My 8 Tips for a Balanced ISTE Experience (Updated 6/2013)

This is an updated post for 2013. As an introvert, I find ISTE can be overwhelming. Here is how I try to keep in balance.

ISTE can be an overwhelming conference with over 10,000+ attendees. I have been to the conference 14 times previously, and ISTE seems to get larger each year. Coupled with the advent of social media, there is a celebrity-like buzz and excitement  that has evolved, especially with the growth of Hack Education (formerly EduBloggerCon/SocialMediaCon). This is so unlike the first ISTE (then the NECC conference) I attended in Orlando twenty years ago in 1993.

My goal for ISTE is to maintain a balance between my own learning, connecting with others while living a rounded lifestyle. In order to achieve those goals, I am sharing the 8 tips which I try to follow:

1. Meet new people – It is easy to stay with friends and colleagues with whom are familiar and comfortable. It is easy to live in the Blogger’s Cafe or other ISTE Playground. However, in order not to stagnate, it is important to meet and have a meaningful conversation (15-20 minutes) with people who you have never met or are on the extreme periphery of your Learning Community. Go hangout in the newbie lounge to encourage and welcome new users into the mix.

2. Seek Out a Diverse Set of New Voices- It is also easy to go through the conference program and select either the spotlight sessions or sessions given by other members of your Learning Community. However, also find two to three people who you don’t know, either in the poster or paper sessions. Sit, listen, or converse with them. It is amazing how much this can benefit your learning. Seek a diverse set of voices.

3. Celebrate Connections and Friendships – Yes, it is important to reconnect with those who most of our communication is done virtually, through Twitter, Skype, Google Hangouts, or other networks. It is important to celebrate those friendships face to face while you have the chance. Take time and really connect with great friends and colleagues.

4. Exercise and Sleep – It is important to keep moving. Sitting in seven sessions, for over 6 hours, is not what most of us normally do. We wander and move. So find the time to exercise. Walk to the conference center, rather than take the bus. In both Washington D.C and Denver, I found a bikes that I could rent for less than $10 per hour. Take a ride, go for a run, step away from the conference to recharge your internal energy stores. Likewise, it is important to get sleep, at least 6 hours. Your body cannot stand the increased stimuli from the ideas, sounds, lights that you will be experiencing.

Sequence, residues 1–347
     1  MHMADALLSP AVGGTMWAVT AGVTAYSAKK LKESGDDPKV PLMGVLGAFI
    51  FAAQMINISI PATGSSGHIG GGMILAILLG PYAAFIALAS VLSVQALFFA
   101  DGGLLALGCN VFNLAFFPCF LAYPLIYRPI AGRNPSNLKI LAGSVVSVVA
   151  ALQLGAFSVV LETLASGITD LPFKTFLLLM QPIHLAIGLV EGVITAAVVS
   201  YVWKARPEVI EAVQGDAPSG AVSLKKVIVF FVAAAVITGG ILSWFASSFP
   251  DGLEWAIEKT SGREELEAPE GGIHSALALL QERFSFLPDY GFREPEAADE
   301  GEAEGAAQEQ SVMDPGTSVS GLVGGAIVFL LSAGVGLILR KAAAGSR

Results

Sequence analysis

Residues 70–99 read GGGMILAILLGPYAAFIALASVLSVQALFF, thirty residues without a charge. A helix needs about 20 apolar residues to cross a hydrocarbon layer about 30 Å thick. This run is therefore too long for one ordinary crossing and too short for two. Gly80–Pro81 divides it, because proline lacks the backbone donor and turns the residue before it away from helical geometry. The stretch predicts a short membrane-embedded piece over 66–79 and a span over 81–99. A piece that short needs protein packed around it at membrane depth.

5. Eat balanced and healthy – Your mother told you to have a variety of colors on your plate, not just fried foods. It is important to eat your fruits and vegetables to maintain yourself at the conference. That is not to say that I am going to skip Mexican food or a margarita this week in San Antonio. But find a way to balanced set of meals, which includes breakfast. Even if this is not a normal part of your routine. In D.C., I found a great Asian place  just outside the conference center, with a great noodle and tofu dish and in Denver, I found a great salad place (I usually disdain salads) that provided the balance to the heavier foods eaten later.

6. Don’t be afraid to share – even when you may have a contrary idea. Don’t let network celebrity get in your way and keep you quiet. You have great insights to share and ideas to test and build. That is why you are going to ISTE in the first place, right? This one is I really have to work on. I tend to be be quieter and shy in larger conferences. Don’t be shy and afraid to ask.

7.  Look to the periphery – on the vendor floor or in one of the cafes or playgrounds, look to the periphery. This is where I find the best new ideas, products, and people.

8. Stay true to yourself – I know that I am more introverted. I have to get away from people and enjoy some solitude. It is perfectly fine just to go off by yourself sometimes. Don’t try to be something that you are not.

Bonus (via Tim Stahmer) – Take some time away from the conference and visit San Antonio. See a little of the town. Go to the Alamo, walk to the various missions, spend some time on the Riverwalk (while not going to the variety of ISTE parties). Make sure that you don’t leave thinking that San Antonio consists of only the convention center.

I look forward to the ISTE experience. I hope we can connect. I will be hanging out at the ISTE Independent School Special Interest Group booth on Sunday from 3:00 – 5:00 during the open house, at the Liberty Bar (1111 S. Alamo)  on Sunday at 7:30 with members of the Independent School community, the SIG Birds of a Feather Meeting  on Monday at 8:30 a.m. I will most likely be hanging out at the Newbie and Bloggers spaces on Tuesday morning and Wednesday. Please stop by and say hello.

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